UGA Extension celebrates 100 years of service to Georgians

Extension 100 years past directors

May 16, 2014

J. Merritt Melancon

J. Merritt Melancon

Public relations coordinator

Recent and archived articles by J. Merritt Melancon

Office of Communications and Creative Services
College of Agricultural and Environmental Sciences
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Beverly Sparks

Beverly Sparks

Director of UGA Extension, CAES associate dean for Extension

UGA ExtensionCollege of Agricultural and Environmental Sciences
Work: 706-542-3824


  • magnify Extension 100 years past directors

    UGA Extension celebrated its 100th anniversary in 2014, and past Extension directors gathered for an event on May 15. From left to right are College of Agricultural and Environmental Sciences Dean Scott Angle, UGA Extension Director Beverly Sparks and past UGA Extension directors Mel Garber (2003-2006), Bobby Tyson (2001-2003), Wayne Jordan (1988-1996) and Tal Duvall (1977-1988). (Credit: Sharon Dowdy/UGA)

  • magnify Extension 100 years 2014 Angle, Sparks, Faulk,

    UGA Extension celebrated its 100th anniversary in 2014, and part of its May 15 ceremony included video testimonials from, left to right, College of Agricultural and Environmental Sciences Dean Scott Angle, UGA Extension Director Beverly Sparks, Fulton County Extension Agent Kisha Faulk and Bartow County Extension Coordinator Paul Pugliese. 

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Athens, Ga. - University of Georgia Extension invites Georgians to celebrate 100 years of community-centered information, education and service.

On May 15, UGA Extension celebrated its 100th anniversary with the opening of a multimedia museum exhibit in the Richard B. Russell Building Special Collections Libraries highlighting the impacts the organization has had over the past century.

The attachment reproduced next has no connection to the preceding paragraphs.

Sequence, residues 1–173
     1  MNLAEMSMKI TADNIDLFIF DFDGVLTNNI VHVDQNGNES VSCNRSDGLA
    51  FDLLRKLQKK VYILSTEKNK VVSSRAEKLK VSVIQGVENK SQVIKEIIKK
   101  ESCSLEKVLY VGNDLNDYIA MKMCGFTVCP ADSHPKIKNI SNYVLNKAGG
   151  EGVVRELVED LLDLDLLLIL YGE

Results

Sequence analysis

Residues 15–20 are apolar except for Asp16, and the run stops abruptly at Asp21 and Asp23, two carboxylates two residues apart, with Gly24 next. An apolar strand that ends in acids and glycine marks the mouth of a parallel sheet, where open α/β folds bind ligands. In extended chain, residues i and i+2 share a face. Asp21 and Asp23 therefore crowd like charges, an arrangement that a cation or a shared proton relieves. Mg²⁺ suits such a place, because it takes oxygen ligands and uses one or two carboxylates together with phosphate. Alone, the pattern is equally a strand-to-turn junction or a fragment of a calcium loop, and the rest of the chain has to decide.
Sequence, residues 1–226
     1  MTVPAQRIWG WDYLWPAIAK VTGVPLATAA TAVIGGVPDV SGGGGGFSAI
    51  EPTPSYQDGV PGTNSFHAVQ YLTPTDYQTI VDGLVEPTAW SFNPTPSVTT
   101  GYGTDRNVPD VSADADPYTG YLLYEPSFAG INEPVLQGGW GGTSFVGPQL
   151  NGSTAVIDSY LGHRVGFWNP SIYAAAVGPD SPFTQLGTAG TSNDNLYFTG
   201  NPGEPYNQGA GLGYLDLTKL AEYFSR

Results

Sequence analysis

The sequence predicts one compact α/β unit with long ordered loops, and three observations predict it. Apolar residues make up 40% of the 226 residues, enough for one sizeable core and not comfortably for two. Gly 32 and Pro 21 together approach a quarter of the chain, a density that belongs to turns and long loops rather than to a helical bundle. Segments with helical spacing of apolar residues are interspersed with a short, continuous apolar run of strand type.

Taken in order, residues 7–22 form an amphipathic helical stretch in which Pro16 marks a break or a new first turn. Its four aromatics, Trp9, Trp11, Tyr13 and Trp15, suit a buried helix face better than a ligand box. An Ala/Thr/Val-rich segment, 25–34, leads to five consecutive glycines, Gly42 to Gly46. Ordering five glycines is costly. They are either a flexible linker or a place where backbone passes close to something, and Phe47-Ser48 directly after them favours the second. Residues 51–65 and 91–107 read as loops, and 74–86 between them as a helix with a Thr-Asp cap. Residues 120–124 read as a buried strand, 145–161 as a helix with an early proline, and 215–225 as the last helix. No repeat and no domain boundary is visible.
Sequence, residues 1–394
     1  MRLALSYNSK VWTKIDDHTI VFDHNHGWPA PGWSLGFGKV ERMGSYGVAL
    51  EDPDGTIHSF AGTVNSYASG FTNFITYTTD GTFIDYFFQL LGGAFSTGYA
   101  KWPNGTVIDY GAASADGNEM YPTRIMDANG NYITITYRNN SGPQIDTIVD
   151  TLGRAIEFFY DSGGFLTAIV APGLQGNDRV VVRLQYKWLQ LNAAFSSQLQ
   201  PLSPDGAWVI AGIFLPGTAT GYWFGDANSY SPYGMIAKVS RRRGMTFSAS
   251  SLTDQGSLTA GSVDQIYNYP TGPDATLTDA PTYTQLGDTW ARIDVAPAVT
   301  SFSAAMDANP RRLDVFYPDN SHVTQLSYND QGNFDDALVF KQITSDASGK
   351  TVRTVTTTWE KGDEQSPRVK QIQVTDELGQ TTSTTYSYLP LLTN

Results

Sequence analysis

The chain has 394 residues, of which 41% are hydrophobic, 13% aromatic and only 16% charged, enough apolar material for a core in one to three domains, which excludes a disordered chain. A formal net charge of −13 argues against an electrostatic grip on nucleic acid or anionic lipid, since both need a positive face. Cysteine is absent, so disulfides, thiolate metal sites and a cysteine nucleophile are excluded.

"In the past 100 years, UGA Extension helped eradicate the boll weevil, introduce new food safety measures and promote land conservation," said Beverly Sparks, associate dean of Extension in the UGA College of Agricultural and Environmental Sciences.

"Today, we face a new list of pests, problems and challenges, but we are confident our Extension experts and educators will meet them head on. We look forward to another century of service to Georgians."

UGA Extension, originally known as the UGA Cooperative Extension Service, was officially founded in 1914 through the Smith-Lever Act, a federal law that established and funded a state-by-state national network of educators who would bring university-based research and practical knowledge to the public.

Today, Extension in the state of Georgia is a cooperative effort by federal, state and local government partners administered by the university.

"For millions of Georgia's citizens, Extension is their connection to the University of Georgia. For a century, Extension has carried out a simple but important mission-to connect the people of Georgia with the vast resources of the university in ways that improve their lives and livelihoods," said UGA President Jere W. Morehead. "We are proud of the impact we have across the state and pledge to continue to find ways to serve Georgians."

The centennial museum exhibit, located in the Russell Special Collections Building, features personal anecdotes and a timeline of important events throughout the history of UGA Extension. It will be open for public tours through the end of June and will travel throughout the state later this summer.

As part of the exhibit's gala opening, Rep. Chuck Williams, R-Watkinsville, and Sen. Bill Cowsert, R-Athens, presented resolutions recognizing the centennial to Dean J. Scott Angle of the UGA College of Agricultural and Environmental Sciences and to University System of Georgia Chancellor Hank Huckaby. The resolutions, passed by the Georgia General Assembly this past winter, recognize UGA Extension as a source of timely, research-based education and information that has helped to transform Georgia's farms, families and communities over the last century.

An expanded version of the exhibit is available online at The dynamic website shares the history of UGA Extension through articles, pictures, videos, timelines and personal stories. The public can join in the celebration by visiting the site and sharing how Extension has touched their lives.

For more information about UGA Extension, see or call 1-800-Ask-UGA1.


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